The Scope of Application of the Charter of Fundamental Rights is Redefined Once Again – A Comment on IN and IM/Belgium


The judgment in IN and IM/Belgium, delivered yesterday by the Court of Justice, is a relevant development in the definition of Article 51.1 of the Charter of Fundamental Rights and its scope of application when applied by Member States. The judgment is an interesting continuation of the Akerberg Fransson saga which still stirs the passions of EU lawyers.

The judgment is relevant because it stands among the decisions in which the Court of Justice rules that the Charter does not apply to a Member State. It is therefore a contribution to the restriction of the scope of application of EU fundamental rights. As I will explain in this post, the outcome is surprising, not so much because of its contrast with the Akerberg Fransson case-law, but due to the odd position in which it leaves another line of case-law: the Guimont doctrine, which allows national courts to make references to the Court of Justice to resolve discriminations under national law.

The facts of the case are as follows: IN and IM were managing directors of Belgian companies involved in a VAT carousel fraud scheme, which ensued in criminal investigations in Luxembourg. During the Luxembourg proceedings, documents were issued that confirmed the Belgian authorities’ queries and were transferred to them after issuing letters rogatory to their Luxembourg counterparts. However, the execution of the letters rogatory took place without approval from the Luxembourg competent court and, as a result, the evidence was transferred illegally to the Belgian authorities.

Having examined the file, including the Luxembourg documents, the Belgian tax authorities adjusted the income tax returns of IN and IM to consider the income obtained through their Luxembourg accounts. As a result, IN and IM launched applications against the adjusted tax returns because the tax authorities based their decision on information obtained illegally and thus in breach of the fundamental right to private life and an effective remedy. In first instance, the application was upheld but overturned on appeal. The applicants brought a recours de cassation before the Belgian Hof van Cassatie, which made the request for a preliminary reference to the Court of Justice.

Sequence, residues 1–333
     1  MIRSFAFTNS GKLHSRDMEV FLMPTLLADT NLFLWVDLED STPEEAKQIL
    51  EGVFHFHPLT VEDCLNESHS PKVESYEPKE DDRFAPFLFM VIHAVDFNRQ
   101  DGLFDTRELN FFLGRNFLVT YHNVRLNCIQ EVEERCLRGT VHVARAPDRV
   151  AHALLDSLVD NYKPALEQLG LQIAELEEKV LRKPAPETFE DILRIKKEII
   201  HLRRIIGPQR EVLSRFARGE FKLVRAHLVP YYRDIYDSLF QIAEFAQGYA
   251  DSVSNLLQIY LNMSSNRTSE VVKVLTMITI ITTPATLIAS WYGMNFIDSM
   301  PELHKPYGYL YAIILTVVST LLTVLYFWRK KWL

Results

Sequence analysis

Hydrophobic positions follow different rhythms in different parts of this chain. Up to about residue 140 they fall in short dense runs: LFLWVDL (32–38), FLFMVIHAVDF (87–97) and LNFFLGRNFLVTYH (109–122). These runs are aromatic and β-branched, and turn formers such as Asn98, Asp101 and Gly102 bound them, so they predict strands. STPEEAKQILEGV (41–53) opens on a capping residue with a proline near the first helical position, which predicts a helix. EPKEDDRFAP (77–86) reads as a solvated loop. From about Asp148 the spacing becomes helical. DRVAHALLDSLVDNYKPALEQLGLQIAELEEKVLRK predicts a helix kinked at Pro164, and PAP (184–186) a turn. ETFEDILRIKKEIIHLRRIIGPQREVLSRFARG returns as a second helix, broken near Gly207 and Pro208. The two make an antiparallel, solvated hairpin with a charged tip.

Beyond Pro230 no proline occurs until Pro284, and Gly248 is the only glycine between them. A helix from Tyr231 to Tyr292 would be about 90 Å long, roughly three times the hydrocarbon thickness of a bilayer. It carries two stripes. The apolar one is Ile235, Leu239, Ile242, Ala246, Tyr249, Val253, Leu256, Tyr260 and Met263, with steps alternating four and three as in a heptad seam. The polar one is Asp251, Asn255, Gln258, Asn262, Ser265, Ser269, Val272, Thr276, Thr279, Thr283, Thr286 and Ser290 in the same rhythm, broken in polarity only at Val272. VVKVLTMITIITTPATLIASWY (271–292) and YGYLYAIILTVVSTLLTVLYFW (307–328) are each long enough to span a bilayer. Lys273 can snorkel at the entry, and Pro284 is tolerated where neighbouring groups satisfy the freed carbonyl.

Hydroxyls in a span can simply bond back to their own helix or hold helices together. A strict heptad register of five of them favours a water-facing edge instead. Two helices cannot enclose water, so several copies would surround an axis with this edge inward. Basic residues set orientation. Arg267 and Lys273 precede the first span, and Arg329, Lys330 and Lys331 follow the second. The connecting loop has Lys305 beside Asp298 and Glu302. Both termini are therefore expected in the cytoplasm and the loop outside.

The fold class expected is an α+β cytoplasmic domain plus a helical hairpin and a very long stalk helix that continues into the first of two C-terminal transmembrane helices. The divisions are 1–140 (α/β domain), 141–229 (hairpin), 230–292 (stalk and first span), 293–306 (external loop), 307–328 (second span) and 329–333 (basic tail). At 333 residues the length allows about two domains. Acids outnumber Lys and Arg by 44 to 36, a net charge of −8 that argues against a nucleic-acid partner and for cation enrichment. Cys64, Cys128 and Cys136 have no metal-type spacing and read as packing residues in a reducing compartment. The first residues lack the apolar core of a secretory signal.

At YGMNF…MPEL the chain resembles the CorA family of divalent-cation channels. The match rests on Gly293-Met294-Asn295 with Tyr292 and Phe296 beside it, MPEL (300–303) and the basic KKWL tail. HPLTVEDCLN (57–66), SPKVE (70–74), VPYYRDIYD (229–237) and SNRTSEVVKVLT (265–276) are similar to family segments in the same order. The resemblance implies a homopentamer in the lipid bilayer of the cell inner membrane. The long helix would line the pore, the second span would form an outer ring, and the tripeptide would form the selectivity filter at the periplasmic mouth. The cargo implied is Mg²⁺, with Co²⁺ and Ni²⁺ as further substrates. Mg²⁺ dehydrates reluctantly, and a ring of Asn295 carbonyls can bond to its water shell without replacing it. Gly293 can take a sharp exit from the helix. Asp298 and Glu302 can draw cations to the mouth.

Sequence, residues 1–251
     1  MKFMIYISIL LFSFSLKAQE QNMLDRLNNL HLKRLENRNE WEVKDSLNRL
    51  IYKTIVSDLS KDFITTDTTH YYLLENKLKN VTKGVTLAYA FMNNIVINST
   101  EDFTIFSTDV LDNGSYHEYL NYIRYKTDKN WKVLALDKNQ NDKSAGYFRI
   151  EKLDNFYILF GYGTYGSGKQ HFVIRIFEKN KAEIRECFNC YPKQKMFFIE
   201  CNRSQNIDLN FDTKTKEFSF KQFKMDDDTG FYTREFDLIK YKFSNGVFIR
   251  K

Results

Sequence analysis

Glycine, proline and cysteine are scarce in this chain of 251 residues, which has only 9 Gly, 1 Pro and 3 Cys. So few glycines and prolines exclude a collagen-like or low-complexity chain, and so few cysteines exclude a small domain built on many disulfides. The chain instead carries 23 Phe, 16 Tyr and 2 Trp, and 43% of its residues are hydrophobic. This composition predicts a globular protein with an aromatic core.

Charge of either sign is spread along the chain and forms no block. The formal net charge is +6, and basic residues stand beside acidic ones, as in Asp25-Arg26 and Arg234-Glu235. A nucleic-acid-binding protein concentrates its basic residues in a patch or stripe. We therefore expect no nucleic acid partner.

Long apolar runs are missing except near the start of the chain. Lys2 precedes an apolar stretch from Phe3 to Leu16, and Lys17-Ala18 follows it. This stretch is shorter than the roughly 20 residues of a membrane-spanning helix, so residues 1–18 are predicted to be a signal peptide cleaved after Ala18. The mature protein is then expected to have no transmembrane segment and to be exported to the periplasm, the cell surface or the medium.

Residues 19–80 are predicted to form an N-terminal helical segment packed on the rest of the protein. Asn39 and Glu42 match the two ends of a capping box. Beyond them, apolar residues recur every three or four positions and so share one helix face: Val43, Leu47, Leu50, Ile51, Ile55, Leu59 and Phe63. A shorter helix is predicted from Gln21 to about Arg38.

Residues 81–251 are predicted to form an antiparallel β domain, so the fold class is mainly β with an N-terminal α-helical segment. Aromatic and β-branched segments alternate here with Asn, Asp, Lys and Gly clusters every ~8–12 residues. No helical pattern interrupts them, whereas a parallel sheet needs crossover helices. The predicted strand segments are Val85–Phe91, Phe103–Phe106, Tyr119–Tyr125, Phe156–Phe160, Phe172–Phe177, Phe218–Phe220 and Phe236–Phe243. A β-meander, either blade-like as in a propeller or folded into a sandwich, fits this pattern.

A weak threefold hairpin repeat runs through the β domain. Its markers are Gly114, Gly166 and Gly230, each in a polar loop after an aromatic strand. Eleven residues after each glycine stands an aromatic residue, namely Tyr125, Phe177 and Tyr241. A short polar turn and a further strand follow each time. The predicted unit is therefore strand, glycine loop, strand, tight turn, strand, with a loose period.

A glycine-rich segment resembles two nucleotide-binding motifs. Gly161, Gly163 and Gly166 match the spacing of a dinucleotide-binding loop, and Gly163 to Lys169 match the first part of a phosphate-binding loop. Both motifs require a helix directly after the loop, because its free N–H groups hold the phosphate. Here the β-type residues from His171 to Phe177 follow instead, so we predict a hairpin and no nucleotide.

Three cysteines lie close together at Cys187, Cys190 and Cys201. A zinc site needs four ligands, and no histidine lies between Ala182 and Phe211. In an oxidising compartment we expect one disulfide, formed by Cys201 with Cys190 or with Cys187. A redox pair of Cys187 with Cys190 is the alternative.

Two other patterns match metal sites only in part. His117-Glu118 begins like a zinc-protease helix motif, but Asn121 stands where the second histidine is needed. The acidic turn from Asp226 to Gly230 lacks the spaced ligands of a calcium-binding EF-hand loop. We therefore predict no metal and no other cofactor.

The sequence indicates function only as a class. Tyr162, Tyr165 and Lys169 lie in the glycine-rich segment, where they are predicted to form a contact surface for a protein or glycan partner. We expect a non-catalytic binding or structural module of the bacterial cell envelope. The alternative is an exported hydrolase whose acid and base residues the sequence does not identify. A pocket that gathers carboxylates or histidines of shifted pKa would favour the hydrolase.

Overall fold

The referring court was well aware that EU law does not cover provisions on income tax and therefore the case at hand is, in principle, beyond the scope of application of the Charter. However, the referring court argues that the Court of Justice, in the context of VAT, found in the judgment in WebMindLicences that evidence gathered illegally in a Member State cannot be produced in VAT tax proceedings in another Member State. This case-law is based on an interpretation of the VAT Directive, together with Article 47 of the Charter.

In the case of IN and IM, the referring court argues that if EU law protects VAT tax-payers but not income tax tax-payers, an issue of discrimination on the grounds of Belgian law will ensue. Therefore, to solve the question of discrimination between both legal orders, the referring court requests assistance from the Court of Justice to confirm if the facts of the case, if they would have concerned VAT fraud, would result in a breach of the Charter. If so, then the Belgian court will undertake a discrimination test under national law, to determine if tax-payers like IN and IM, with no link to EU law in their case, are being discriminated in comparison to tax-payers that benefit from the link with EU law.